Fla. Supreme Court sides with Florida Virtual School in K12 trademark case

Florida Virtual School has the authority to sue to protect its trademarks, the state Supreme Court ruled Thursday.

The decision is the latest twist in a long-running legal battle between FLVS and online education company K12, Inc., Florida’s two largest players in online education.

FLVS sued its rival provider for trademark infringement in 2011.

The suit argues K12 used names like Florida Virtual Academy and Florida Virtual Program, which were too similar to Florida Virtual School and caused “confusion” in the online education marketplace. As noted in this summary of the case by Education Week, however, K12 uses the name “virtual academy” in other states.

K12 argued the state virtual school did not have the authority to sue to protect its trademarks, since Florida law gives that authority to the Department of State. A federal appeals court asked the state Supreme Court to resolve that issue.

In Thursday’s unanimous opinion, justices said Florida Virtual School has the power to sue to protect its trademarks and other intellectual property because, unlike some other government entities, state law gives FLVS all the powers of a corporation.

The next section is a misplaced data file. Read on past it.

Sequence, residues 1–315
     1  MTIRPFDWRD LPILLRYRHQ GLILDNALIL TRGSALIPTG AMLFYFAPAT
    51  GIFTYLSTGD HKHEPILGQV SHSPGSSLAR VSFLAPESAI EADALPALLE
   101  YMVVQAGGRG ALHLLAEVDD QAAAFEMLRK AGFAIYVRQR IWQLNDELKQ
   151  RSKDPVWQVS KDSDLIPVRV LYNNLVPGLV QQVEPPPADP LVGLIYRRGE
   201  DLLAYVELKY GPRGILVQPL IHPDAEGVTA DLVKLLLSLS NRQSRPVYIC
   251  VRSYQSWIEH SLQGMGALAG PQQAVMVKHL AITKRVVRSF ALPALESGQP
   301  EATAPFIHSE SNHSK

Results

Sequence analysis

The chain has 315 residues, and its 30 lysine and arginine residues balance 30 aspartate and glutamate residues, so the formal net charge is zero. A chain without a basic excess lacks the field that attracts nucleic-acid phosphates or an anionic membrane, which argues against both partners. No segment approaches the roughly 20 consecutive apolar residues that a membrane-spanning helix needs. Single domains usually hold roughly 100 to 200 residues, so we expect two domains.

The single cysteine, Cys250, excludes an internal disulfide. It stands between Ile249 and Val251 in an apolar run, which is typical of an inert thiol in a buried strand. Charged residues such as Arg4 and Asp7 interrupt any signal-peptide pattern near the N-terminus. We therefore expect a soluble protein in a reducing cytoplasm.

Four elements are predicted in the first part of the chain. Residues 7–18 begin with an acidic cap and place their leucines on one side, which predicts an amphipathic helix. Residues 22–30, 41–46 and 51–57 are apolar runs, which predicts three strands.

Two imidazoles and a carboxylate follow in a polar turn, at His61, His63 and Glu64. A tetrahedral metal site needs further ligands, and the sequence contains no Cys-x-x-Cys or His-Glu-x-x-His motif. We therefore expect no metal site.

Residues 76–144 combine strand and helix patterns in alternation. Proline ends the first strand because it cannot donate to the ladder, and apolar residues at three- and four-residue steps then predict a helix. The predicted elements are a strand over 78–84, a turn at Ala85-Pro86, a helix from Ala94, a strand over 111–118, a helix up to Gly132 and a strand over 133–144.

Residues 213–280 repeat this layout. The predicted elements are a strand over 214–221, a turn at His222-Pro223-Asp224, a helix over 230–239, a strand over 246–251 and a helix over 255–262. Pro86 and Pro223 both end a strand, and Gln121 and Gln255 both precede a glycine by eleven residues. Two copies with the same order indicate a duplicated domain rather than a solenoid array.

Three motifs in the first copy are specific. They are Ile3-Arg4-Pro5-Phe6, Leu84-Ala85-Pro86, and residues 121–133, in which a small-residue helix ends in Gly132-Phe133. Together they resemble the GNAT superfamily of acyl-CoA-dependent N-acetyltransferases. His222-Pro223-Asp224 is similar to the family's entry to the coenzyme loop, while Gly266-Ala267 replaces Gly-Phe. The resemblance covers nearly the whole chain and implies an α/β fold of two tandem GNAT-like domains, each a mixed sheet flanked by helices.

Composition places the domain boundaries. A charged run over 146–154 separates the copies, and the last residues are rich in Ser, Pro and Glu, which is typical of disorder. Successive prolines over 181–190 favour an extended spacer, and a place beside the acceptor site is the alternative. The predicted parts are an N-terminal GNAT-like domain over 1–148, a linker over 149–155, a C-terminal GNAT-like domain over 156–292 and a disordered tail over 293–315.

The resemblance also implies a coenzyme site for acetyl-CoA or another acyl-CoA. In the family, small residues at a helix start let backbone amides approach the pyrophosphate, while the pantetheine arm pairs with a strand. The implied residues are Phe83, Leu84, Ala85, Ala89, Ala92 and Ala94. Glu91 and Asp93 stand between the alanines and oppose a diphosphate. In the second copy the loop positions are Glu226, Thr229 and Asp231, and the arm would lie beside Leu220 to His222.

The opinion by Justice R. Fred Lewis added:

Furthermore, when viewed in the historical context, it is logical and consistent to conclude that the Legislature chose to grant broad powers to the school. When the Florida Virtual School was designated as a public agency in 2000 (under the name “Florida On-Line High School”), ch. 2000-224, § 1, Laws of Fla., the board of trustees was charged with the development and delivery of a relatively new form of education—online and distance learning. The enabling statute currently provides: “The board of trustees shall be responsible for the Florida Virtual School’s development of a state-of-the-art technology-based education delivery system that is cost-effective, educationally sound, marketable,and capable of sustaining a self-sufficient delivery system through the Florida Education Finance Program.” § 1002.37(2)(b), Fla. Stat. (emphasis supplied). Thus, the Florida Legislature recognizes that the board of trustees for the school continues to be involved in the implementation of a cutting-edge, online educational program.

The Legislature reasonably could have concluded that the trustees would possess a level of expertise beyond that of the DOS with respect to the development of the technology for the Florida Virtual School. Thus, the board of trustees would be better suited to monitor the use of this State-owned intellectual property and safeguard it against infringement.

The ruling only clarifies that Florida Virtual School is able to bring the suit. The case now heads back to the U.S. Eleventh Circuit Court of Appeals.